By: Dr Judy Mann
SAAMBR Conservation Strategist
On the 23 May 2019, just one day after World Biodiversity Day, the protection of South Africa’s marine biodiversity received a massive boost with the declaration of 20 new or extended Marine Protected Areas (MPAs). Just as on land, protected areas in the ocean are critical for the conservation of an amazing variety of marine plants, animals and ecosystems. Through careful planning, 5% of South Africa’s ocean is now protected, including about 87% of South Africa’s different marine ecosystems and habitats. At 50 000 km2, these new and enlarged MPAs will protect an area of ocean more than twice the size of the Kruger National Park!
Scientists in SAAMBR’s Oceanographic Research Institute (ORI), whose research has contributed to both the placement and requirements for the KZN MPAs were delighted with the declaration. ‘This is an important step forward for the conservation of our linefish species’ said Dr Bruce Mann, whose research in the iSimangaliso Wetland Park has contributed to the improved zonation of the area, while Fiona Mackay, Senior Scientist at ORI said ‘“The uThukela Banks MPA will protect unique coastal-linked marine ecosystems in a critically important part of the South African continental shelf.”
Dr Kerry Sink, Principal Scientist at the South African National Biodiversity Institute (SANBI), who has dedicated many years of her life towards this achievement said, “This is a giant leap for healthy oceans. And healthy oceans ultimately contribute to healthy people and economies”. Dr Sink started her career in marine science at ORI, making this great achievement an especially memorable one for SAAMBR.
This declaration in the Government Gazette follows over 10 years of hard work by a team of dedicated marine scientists from a wide range of institutes. In 2016, the proposed network of MPAs was gazetted for public comment as part of an inclusive public participation process. In October 2018, Cabinet approved a revised network of MPAs that was adjusted to address stakeholder concerns. While many people thought that this was final step, in fact, the cabinet permission was just the start of the proclamation process with declaration notices and detailed regulations being developed for each protected area. Each MPA is unique and this meant that the boundaries, zonation and permitted activities in them needed to be carefully compiled for the Gazette and, at the same all the contrasting public comments needed to be taken into balanced consideration. Most countries declare one protected area at a time – in South Africa we did 20 all at once! The mammoth task of compiling these regulations fell to a small team of marine scientists and lawyers, who spent hundreds of hours reviewing the comments from the public participation process, to ensure that the regulations are as equitable as possible, while still achieving the ultimate goals of ocean protection and sustainable use.
What happens now?
If you would like to know the exact details of each MPA, consult the South African Government Gazette No. 42478 and 424479. http://www.gpwonline.co.za/Gazettes/Pages/Published-Separate-Gazettes.aspx These regulations take effect on the 1 August 2019.
What does this mean for KZN?
KZN is proud to be home to the largest MPA in the network – the iSimangaliso Wetland Park. This MPA is increasing in size from 820 km2 to 10 700km2. Zonation within the MPA will ensure that fishermen and divers are accommodated in specific zones. The new uThukela Banks MPA is over 4 000 km2 while the Aliwal Shoal MPA is increasing in size from 125 to approximately 670 km2. The expanded Aliwal Shoal MPA extends between the Illovo and Mzimayi Rivers and will include the iconic Aliwal Shoal. Extending from Mzimkulu River in the north to the Mpenjati Estuary in the south, the new offshore Protea Banks MPA covers an area of about 1200 km2, in the 40 to 2500m depth range.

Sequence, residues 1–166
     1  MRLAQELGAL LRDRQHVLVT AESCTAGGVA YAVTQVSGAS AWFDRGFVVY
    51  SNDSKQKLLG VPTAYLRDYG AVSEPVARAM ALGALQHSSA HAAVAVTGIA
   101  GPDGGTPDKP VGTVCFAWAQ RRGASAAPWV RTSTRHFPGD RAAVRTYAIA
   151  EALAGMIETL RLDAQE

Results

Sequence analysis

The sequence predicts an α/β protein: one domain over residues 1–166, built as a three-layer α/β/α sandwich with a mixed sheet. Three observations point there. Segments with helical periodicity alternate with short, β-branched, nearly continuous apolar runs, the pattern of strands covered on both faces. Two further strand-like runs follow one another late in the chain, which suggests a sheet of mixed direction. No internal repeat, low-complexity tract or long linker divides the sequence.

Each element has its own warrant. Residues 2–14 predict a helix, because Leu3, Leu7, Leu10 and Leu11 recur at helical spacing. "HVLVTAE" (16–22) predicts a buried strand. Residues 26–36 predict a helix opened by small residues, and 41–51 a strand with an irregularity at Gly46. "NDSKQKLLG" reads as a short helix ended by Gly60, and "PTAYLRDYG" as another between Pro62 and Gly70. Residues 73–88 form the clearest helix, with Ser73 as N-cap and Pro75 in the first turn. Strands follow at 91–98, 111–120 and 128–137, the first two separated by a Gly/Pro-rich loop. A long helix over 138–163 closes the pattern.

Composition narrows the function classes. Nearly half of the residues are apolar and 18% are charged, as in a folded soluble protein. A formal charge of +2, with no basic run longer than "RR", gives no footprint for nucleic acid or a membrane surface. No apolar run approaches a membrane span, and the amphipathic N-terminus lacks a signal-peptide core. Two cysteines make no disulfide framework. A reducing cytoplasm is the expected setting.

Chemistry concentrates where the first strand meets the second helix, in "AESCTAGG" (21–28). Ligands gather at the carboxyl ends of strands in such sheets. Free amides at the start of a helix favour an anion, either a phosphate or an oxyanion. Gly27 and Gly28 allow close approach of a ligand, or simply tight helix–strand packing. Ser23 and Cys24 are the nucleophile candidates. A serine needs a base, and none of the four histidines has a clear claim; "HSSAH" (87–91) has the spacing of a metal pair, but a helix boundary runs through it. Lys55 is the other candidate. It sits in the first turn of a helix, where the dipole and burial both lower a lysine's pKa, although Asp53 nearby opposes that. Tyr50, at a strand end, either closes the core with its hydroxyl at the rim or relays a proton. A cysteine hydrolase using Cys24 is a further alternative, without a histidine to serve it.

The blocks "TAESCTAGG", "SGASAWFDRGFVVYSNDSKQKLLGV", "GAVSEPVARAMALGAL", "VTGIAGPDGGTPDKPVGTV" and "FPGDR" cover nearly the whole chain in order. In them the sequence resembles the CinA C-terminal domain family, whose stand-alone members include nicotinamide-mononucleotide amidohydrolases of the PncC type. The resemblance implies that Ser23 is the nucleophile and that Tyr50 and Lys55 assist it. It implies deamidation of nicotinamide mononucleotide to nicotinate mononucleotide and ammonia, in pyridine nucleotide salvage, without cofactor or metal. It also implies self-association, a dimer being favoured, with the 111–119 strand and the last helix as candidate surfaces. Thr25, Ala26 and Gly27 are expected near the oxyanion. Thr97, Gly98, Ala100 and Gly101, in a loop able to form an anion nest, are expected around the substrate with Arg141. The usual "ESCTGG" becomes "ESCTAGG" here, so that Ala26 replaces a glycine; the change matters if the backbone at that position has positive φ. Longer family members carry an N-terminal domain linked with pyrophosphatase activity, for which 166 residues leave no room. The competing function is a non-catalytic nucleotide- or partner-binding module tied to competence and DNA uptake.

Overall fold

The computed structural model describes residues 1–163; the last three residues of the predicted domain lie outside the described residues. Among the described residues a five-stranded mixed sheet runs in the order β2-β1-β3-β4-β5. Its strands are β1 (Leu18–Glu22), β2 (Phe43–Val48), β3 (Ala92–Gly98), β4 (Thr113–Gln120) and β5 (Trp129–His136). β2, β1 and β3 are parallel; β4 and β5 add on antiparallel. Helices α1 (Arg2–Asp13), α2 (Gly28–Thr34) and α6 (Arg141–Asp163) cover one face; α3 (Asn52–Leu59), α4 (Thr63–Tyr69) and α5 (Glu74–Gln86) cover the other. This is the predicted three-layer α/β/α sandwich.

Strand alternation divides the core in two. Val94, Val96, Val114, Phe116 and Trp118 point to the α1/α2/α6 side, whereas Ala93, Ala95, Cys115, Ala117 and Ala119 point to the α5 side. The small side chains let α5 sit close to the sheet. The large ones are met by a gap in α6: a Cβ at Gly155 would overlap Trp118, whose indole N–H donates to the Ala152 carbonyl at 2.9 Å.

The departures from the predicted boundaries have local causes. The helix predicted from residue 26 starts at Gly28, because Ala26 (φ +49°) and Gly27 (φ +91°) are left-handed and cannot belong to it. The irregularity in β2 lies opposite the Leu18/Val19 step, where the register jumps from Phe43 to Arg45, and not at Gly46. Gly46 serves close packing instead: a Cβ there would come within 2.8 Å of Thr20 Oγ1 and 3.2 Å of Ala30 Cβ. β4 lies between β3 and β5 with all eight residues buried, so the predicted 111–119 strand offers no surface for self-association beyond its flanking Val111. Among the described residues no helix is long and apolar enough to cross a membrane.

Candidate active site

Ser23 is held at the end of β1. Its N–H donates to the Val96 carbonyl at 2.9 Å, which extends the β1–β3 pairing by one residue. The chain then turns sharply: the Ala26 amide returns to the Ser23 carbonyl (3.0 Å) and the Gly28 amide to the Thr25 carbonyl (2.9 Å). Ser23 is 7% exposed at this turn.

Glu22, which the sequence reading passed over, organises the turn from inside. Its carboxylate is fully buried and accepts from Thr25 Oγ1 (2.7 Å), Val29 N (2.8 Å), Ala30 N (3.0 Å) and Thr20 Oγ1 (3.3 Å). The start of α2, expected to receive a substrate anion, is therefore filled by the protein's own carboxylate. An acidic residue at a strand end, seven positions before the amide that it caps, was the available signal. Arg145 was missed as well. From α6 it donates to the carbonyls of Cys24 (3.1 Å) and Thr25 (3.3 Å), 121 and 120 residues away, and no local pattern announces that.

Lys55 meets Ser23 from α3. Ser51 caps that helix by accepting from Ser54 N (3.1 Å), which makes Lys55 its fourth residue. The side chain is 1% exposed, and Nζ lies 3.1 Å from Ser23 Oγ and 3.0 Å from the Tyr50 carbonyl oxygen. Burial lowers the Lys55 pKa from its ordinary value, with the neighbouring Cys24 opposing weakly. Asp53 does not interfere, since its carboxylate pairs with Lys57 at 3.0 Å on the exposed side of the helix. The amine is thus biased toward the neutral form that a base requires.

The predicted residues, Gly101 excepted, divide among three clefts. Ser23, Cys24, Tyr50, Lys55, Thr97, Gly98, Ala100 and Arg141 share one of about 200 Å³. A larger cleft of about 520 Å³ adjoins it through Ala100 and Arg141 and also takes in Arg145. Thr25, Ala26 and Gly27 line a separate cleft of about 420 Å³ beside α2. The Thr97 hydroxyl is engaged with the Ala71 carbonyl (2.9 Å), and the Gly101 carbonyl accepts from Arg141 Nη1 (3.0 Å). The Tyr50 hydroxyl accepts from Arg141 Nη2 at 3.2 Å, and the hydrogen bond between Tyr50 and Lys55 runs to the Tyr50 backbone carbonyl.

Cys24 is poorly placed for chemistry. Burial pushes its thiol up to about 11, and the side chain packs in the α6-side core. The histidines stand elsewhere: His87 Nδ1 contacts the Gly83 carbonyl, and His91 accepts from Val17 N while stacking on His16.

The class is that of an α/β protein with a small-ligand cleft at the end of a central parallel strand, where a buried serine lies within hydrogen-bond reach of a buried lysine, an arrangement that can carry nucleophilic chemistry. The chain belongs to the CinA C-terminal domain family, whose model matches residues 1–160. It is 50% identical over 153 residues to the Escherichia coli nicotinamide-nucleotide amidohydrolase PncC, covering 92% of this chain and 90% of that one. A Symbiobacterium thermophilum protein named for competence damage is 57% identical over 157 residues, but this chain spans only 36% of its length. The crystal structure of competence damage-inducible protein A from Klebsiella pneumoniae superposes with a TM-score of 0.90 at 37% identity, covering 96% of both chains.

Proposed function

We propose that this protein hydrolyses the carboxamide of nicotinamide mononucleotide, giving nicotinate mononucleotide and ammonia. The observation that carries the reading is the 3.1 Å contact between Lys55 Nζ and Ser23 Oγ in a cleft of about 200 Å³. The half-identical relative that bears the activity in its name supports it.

What does this mean for oil and gas extraction and mining?
Mining is not permitted in any of the protected areas, neither is the exploration or exploitation of oil and gas. This is a massive achievement, as companies have been allocated prospecting rights to over 90% of South Africa’s seabed. These new MPAs will help to protect vulnerable and unique ecosystems from incompatible activities.
What does this mean for fishing?
Different zonation has been applied to different MPAs. While some areas are zoned for no-take, where no fishing is allowed, other areas are open to selected fishing methods. Fish lists determine what species may be caught in some zones. These details are contained in the regulations.
The Director General of the Department of Environmental Affairs Ms Noshipo Ncaba worked hard to ensure that the MPA network became a reality. When presenting this network at the Convention of Biological Diversity in Egypt last year, the DG said “These MPAs are not only to be ecologically representative, well connected and integrated, but also effectively and equitably managed”. She noted that South Africa’s Ocean and Coastal Management System (OCIMS) plays a key role in monitoring and compliance. “South Africa has had some experience in managing offshore MPAs since the declaration of our largest MPA around the South African territory of the Prince Edward Islands (in the Southern Ocean) in 2013” said the DG.
The 20 areas include 17 new MPAs and expansions of the existing Aliwal Shoal MPA, Bird Island (into Addo) and the St Lucia and Maputaland MPAs into a much larger iSimangaliso Wetland Park MPA. This brings the total number of MPAs around South Africa to 41 with an additional large MPA in our Prince Edward Islands territory.
Take a virtual tour of both the new and existing MPAs on the beautiful website www.marineprotectedareas.org.za